Immanuel: And later in Judah's speech, he says: וְנַפְשׁוֹ, קְשׁוּרָה בְנַפְשׁוֹ – Jacob's soul is bound with Benjamin's soul! Look at what's happening! For the first time, Judah is able to name the reality that Benjamin is more loved.

It doesn't mean Jacob was right to favor one child over another, but there's a transformation that's taking place here. With Joseph, the brothers didn't confront the issue. They never voiced their concerns, they were never open with Joseph.

This time, they're not hiding from it or trying to change the reality with deception. They're admitting it – at the very least, to themselves. But as we learned in the story of Judah and Tamar, recognition of your actions and mistakes is crucial, but it alone is not enough for real change. You also have to mend the relationships that you broke.

Judah's Redemption Through Benjamin

Judah can't fix his relationship with Joseph, because he doesn't know Joseph's alive… But look at what he says:יֵשֶׁב-נָא עַבְדְּךָ תַּחַת הַנַּעַר–עֶבֶד, לַאדֹנִי; please take me as a slave instead of Benjamin. וְהַנַּעַר, יַעַל עִם-אֶחָיו – let him return home with his brothers. And that's it.

It's not just that Judah is so heroic in this moment, in that he places another before himself – it's that he's doing precisely what he should have done with Joseph years before.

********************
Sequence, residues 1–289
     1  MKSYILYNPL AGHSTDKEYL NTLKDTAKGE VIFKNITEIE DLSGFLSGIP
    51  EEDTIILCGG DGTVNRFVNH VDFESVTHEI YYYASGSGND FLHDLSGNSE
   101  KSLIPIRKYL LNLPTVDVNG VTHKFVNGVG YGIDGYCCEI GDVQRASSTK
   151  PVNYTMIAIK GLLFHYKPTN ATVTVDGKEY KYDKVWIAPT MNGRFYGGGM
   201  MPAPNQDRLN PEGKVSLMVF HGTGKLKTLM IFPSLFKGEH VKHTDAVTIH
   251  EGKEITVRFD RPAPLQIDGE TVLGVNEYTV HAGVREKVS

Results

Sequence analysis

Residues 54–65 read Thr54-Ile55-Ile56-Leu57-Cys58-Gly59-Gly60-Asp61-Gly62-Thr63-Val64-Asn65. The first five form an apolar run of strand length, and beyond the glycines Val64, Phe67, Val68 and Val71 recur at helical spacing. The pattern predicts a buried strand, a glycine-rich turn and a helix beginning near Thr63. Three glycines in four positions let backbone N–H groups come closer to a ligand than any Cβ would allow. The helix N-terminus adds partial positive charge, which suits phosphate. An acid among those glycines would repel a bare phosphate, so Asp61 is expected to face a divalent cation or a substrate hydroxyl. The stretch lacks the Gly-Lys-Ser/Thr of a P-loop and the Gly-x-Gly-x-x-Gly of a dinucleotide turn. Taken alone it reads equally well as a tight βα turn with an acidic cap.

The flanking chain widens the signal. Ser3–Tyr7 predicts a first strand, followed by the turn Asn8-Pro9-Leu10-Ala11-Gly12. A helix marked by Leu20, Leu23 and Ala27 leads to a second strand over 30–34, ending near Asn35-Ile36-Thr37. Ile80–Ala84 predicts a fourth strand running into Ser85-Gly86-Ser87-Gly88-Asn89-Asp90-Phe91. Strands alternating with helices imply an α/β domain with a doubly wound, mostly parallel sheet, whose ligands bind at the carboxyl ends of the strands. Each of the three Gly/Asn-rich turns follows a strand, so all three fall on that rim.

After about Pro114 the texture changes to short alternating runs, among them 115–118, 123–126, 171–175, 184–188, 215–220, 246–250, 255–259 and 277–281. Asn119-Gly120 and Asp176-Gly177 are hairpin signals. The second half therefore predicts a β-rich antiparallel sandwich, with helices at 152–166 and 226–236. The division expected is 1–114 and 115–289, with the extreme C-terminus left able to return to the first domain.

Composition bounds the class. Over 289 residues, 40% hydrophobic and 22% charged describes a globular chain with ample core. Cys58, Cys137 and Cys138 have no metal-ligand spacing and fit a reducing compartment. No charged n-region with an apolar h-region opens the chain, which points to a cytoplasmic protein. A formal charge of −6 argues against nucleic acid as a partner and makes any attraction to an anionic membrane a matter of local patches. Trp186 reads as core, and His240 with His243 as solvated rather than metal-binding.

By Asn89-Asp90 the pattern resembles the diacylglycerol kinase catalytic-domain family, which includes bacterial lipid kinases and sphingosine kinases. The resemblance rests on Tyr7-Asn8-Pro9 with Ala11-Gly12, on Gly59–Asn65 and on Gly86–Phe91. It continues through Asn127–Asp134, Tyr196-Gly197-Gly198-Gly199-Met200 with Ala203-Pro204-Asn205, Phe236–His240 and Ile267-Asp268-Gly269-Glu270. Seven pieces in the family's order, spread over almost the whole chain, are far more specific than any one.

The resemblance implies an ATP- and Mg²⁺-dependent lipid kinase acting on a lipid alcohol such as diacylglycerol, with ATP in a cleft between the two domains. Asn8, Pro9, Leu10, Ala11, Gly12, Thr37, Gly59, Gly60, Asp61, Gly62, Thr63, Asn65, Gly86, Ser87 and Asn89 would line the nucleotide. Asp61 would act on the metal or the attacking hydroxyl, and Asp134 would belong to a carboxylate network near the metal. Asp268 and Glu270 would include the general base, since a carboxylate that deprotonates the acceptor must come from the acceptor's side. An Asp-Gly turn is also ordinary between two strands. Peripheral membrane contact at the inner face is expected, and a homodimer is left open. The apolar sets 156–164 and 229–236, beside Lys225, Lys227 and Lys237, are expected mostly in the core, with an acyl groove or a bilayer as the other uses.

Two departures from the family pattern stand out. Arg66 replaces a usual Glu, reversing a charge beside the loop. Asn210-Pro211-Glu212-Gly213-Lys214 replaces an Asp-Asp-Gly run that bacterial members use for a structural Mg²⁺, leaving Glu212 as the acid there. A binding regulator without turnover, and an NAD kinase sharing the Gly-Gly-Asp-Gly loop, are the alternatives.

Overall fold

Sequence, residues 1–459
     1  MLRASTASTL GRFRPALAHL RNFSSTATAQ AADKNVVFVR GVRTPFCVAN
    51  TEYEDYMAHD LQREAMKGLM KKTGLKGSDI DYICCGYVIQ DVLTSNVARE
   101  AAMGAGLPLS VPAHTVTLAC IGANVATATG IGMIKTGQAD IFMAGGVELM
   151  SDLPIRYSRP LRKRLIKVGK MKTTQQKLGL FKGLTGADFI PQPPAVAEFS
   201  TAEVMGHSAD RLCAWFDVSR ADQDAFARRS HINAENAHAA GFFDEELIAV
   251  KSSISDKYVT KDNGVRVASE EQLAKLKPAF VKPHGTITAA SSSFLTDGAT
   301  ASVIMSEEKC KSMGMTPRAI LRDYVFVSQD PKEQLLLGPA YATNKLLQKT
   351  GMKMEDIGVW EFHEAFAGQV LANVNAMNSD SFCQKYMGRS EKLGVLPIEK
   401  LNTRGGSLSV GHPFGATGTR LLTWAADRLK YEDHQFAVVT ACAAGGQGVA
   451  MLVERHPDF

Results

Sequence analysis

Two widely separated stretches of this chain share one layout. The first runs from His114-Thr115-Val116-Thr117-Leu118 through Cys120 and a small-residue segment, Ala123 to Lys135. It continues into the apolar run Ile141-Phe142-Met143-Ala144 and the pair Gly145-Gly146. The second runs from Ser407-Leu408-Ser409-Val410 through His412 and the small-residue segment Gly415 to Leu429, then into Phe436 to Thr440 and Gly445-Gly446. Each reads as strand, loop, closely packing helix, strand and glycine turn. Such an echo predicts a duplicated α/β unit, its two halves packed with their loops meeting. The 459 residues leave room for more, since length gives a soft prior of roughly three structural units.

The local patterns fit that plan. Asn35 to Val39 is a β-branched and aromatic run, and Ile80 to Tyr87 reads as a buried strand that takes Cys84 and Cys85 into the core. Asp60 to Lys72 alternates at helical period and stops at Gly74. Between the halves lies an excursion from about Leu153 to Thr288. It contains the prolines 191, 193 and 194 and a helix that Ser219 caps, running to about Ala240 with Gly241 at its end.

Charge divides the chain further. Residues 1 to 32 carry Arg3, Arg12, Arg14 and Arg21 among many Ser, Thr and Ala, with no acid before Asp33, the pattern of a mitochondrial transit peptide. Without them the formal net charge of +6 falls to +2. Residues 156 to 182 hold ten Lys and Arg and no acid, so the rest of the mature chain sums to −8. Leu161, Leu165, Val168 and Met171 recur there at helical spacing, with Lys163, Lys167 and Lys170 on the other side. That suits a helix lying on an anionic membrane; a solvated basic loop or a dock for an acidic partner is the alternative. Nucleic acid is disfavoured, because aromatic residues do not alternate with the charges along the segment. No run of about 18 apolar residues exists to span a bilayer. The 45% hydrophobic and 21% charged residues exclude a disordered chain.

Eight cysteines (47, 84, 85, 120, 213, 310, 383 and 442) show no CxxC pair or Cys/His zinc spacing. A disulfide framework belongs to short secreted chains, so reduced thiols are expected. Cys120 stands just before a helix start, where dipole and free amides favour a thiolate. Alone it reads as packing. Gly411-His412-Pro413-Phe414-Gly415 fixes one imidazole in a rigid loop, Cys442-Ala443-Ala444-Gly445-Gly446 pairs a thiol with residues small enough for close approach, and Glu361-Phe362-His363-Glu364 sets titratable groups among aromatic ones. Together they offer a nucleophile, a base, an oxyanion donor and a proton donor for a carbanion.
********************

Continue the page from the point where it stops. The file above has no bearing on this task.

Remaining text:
The brothers kicked Joseph out of the family, out of brotherhood. But Judah won't let that happen again – he acts as a brother. He won't sell another brother into slavery… he'd sooner become a slave himself.

David: But there's another layer to this story. Who is Judah really reconciling with? It's actually not Joseph. Or Benjamin. It's Jacob, his father. He said: If I don't come back with Benjamin, וְחָטָאתִי לְאָבִי כָּל-הַיָּמִים – I will have sinned against my father for eternity. And when Joseph hears that, he cries.

When he hears the whole backstory, he realizes that his brothers caused tremendous pain to Jacob when they sold him. More importantly, Joseph realizes that he's been perpetuating that pain, too; by holding back Simeon, by demanding Benjamin and by hiding his own identity, he's guilty of causing his father pain as well and resolves not to do it anymore.

This story isn't just about repairing personal past deeds. It's about realizing who you've hurt along the way, and repairing that too. Throughout the Jacob story, we've seen different dynamics replay themselves: Jacob's deception with the blessings, Laban's deception, Dinah and Shechem, the sale of Joseph, Judah and Tamar.

Each time, the person is faced with a choice: Allow the same scenario to replay itself just like it did before – mistreat others because they have been mistreated? Will they continue this cycle? Or will they bravely take responsibility and redeem a mistake and repair a relationship?

Immanuel: Join us next week as the book of Genesis draws to a close, and we brace ourselves for the jump into Exodus.